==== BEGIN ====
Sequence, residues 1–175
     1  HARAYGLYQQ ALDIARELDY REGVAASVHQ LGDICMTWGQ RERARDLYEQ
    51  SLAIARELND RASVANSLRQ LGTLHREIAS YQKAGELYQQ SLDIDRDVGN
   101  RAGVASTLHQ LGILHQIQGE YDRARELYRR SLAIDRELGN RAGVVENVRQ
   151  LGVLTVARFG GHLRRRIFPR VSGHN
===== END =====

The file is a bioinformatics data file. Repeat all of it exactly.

Sequence, residues 1–175
     1  HARAYGLYQQ ALDIARELDY REGVAASVHQ LGDICMTWGQ RERARDLYEQ
    51  SLAIARELND RASVANSLRQ LGTLHREIAS YQKAGELYQQ SLDIDRDVGN
   101  RAGVASTLHQ LGILHQIQGE YDRARELYRR SLAIDRELGN RAGVVENVRQ
   151  LGVLTVARFG GHLRRRIFPR VSGHN